If you've ever run into problems faced with multi-lingual text differences, Jason's latest article will solve just that. Learn how to make use of Unicode character-sets when developing in a J2ME-based environment, where you'll more than likely have a need to develop MIDlets in multiple languages.
Unicode is a unique representation of a character; these characters range from Latin, Hebrew, and Japanese unique symbols. This character set is a universal standard called the ISO/IEC 10646, and can be compared to using ASCII. Like ASCII, a number represents each character; however, ASCII is limited to 7 bits, or in other words 128 character limitations. This has been able to cover everything in English-like languages and a few other symbols but, what about other languages and other symbols?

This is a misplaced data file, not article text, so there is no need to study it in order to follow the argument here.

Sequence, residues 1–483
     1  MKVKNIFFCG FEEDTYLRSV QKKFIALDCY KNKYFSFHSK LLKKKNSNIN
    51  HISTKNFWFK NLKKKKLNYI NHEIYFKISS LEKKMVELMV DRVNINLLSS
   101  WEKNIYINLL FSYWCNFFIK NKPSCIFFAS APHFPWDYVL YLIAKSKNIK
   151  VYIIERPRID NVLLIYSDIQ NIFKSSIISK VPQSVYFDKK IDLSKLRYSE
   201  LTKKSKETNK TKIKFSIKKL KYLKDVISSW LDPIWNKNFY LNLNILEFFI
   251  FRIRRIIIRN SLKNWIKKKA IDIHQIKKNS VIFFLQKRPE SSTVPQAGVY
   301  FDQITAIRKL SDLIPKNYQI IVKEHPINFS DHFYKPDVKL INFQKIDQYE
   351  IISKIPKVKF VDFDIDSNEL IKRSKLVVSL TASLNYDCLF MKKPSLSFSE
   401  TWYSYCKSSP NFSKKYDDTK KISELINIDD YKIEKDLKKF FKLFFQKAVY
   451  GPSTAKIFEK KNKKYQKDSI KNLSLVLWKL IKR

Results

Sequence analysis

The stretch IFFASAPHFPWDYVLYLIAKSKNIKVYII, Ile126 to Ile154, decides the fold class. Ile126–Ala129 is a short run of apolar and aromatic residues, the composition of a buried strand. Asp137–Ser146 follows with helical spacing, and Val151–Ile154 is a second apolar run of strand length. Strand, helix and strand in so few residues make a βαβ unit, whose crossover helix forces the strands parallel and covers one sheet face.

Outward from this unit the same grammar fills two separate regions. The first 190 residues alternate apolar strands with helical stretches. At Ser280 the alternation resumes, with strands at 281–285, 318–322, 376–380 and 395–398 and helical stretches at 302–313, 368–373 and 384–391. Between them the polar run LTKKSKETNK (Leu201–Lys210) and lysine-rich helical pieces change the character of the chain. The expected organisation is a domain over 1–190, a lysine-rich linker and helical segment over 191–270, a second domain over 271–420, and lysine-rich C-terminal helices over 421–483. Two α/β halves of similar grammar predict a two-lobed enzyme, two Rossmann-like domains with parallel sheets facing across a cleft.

As the computer industry grew, especially in other countries, where the English language is not the dominant character set, new encoding schemes where invented. This can potentially cause problems when older systems, on different encoding schemes, interface with newer systems, or when systems from one country interface with a system from another country. The systems either become corrupt or simply crash due to the inability to communicate with each other. That is why Unicode was invented. The following statement is taken from http://www.unicode.org, and best summarizes what Unicode is and why we can benefit from it:
As stated in the summary, Unicode is supported by a wide variety of languages and platforms; this includes Java and, more specifically, J2ME. Fortunately when Java was created they included Unicode support. To use this handy feature simply use u escape sequences.